2. We will discuss rhetorical strategies in class, but you will want to identify and try to explain strategies such as persona/ethos, tone and style, types of evidence used, writing conventions followed, visual elements used, and other ways in which the writers attempt to achieve their purposes with their audiences.

You must turn in a copy of your sources with your analysis. You will also submit a brief cover letter with the polished draft (details about this letter will be provided in class). **I will not grade your project if you do not turn in drafts, copies of sources, and your cover letter. Failure to submit peer review feedback will negatively affect your grade.

Project 3: Writing to Persuade

This project asks you to create an argument in which you analyze elements of The Last Ballad in relation to a particular context. In order to do this effectively, you should use the close-reading skills you developed working on the rhetorical analysis essay. Your essay should include a healthy balance of quotes and concepts from The Last Ballad and from the context that you have placed your analysis of it in. Both of these should serve your own ideas and argument.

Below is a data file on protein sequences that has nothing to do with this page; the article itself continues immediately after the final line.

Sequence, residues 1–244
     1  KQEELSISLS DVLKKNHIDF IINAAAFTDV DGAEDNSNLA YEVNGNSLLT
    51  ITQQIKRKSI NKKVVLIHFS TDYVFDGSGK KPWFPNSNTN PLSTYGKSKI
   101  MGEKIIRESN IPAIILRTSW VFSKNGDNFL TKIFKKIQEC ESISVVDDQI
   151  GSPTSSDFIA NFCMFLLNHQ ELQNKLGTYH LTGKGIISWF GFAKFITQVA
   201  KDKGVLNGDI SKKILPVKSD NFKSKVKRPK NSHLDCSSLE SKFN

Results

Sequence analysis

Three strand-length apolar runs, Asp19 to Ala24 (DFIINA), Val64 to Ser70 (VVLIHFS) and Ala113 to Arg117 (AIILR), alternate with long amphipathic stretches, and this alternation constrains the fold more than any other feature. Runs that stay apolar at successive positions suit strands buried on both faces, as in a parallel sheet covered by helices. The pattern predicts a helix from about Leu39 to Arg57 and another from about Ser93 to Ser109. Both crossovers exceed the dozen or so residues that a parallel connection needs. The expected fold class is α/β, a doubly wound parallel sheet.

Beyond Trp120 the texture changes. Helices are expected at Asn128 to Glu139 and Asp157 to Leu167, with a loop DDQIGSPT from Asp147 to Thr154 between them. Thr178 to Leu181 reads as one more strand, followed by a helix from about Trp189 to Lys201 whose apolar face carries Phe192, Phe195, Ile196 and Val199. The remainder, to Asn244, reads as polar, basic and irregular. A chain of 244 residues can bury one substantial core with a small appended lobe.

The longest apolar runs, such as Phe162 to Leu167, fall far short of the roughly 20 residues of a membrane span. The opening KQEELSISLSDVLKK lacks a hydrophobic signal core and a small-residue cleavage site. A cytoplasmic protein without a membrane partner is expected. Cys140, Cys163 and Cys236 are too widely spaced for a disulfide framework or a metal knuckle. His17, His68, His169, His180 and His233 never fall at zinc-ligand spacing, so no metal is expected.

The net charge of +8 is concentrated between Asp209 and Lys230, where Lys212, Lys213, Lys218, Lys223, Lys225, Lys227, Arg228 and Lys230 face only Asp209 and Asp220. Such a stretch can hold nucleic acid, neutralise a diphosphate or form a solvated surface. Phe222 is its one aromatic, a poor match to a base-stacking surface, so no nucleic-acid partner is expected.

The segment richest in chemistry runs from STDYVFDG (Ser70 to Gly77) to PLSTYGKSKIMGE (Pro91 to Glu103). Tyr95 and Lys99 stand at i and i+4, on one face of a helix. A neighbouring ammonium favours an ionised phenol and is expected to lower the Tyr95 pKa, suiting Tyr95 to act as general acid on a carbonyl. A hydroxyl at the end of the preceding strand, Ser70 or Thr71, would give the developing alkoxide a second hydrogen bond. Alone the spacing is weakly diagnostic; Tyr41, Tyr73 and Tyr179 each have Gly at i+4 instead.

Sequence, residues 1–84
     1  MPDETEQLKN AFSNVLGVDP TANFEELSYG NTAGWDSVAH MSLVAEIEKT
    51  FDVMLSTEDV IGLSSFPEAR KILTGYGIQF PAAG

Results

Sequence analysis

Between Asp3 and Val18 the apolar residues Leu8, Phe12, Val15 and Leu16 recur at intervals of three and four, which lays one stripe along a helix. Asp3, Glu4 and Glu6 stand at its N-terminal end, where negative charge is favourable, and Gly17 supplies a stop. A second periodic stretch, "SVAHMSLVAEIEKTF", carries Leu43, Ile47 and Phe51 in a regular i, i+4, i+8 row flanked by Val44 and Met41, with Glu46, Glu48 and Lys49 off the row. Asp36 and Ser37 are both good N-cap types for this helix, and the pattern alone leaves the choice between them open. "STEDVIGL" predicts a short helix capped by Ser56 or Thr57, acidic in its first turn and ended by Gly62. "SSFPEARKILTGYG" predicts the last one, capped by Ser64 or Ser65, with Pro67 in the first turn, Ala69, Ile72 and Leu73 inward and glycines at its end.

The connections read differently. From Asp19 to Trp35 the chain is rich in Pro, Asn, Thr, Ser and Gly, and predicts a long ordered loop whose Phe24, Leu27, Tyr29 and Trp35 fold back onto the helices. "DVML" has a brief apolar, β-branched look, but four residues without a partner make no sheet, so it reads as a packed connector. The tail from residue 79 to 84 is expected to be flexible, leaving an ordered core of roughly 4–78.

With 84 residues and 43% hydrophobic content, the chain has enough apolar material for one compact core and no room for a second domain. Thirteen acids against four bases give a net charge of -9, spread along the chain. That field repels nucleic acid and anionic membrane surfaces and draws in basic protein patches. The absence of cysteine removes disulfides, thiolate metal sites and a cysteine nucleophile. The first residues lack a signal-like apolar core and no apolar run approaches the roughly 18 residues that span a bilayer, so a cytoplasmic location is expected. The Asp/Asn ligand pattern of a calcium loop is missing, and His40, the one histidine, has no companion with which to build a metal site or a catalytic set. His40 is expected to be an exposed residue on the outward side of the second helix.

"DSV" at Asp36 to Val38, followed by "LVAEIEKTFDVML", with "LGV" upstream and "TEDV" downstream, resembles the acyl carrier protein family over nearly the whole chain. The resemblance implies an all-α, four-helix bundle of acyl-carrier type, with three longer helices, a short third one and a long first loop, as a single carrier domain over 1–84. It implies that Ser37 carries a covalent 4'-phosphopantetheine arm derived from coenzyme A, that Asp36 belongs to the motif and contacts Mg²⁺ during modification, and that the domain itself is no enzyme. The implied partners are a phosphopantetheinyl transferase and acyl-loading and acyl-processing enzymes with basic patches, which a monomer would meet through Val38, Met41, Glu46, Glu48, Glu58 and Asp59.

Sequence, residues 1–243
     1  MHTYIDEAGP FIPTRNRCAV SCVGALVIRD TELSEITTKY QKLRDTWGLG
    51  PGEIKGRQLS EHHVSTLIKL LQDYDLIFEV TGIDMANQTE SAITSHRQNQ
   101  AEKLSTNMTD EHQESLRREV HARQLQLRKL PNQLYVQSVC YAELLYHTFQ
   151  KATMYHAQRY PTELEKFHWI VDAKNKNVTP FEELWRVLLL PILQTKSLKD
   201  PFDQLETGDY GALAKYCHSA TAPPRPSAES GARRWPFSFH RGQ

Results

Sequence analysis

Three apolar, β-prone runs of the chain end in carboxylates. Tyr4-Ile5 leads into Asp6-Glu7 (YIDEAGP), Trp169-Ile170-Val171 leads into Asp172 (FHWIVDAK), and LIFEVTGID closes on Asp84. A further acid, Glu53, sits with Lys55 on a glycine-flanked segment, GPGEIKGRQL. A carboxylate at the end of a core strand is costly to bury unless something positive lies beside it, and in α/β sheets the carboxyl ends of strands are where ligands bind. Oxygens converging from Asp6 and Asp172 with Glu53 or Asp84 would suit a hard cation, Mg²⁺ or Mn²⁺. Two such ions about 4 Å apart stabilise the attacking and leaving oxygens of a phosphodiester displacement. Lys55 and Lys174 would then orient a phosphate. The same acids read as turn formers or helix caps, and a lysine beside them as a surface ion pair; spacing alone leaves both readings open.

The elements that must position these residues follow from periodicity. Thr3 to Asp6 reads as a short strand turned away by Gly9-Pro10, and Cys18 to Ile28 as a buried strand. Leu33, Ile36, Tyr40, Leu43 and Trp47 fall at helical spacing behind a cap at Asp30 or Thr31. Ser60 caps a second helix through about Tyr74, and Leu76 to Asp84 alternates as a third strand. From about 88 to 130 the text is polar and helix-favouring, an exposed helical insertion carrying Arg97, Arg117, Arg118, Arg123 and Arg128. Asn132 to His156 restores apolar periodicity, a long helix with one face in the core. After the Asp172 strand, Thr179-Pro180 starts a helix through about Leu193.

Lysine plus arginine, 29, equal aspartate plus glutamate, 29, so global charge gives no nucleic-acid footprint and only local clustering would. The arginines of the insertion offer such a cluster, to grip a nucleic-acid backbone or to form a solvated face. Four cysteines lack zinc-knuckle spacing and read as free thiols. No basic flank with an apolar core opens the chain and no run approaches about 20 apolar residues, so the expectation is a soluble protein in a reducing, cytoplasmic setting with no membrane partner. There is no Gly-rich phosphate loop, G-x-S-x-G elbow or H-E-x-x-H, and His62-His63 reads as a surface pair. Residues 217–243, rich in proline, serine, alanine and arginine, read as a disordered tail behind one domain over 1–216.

The Writing to Persuade project is your own interpretation, not a re-crafted research paper. You are not presenting facts or giving your reader a summary of your research; rather, you are making a claim about specific aspects of the text and using the context as part of your argument. You should have four to six secondary sources. You must also determine an appropriate audience and format for your argument. In other words, you need to determine who should or would want to hear your argument and what form of writing (letter? website? article? essay?) would be most effective in reaching that audience.

Your argument should be +/-1800 words (about 7½ pages), and you must turn in copies of your sources with your work. You will also submit a brief cover letter with the polished draft (details about this letter will be provided in class). **I will not grade your project if you do not turn in drafts, copies of sources, and your cover letter. Failure to submit peer review feedback will negatively affect your grade.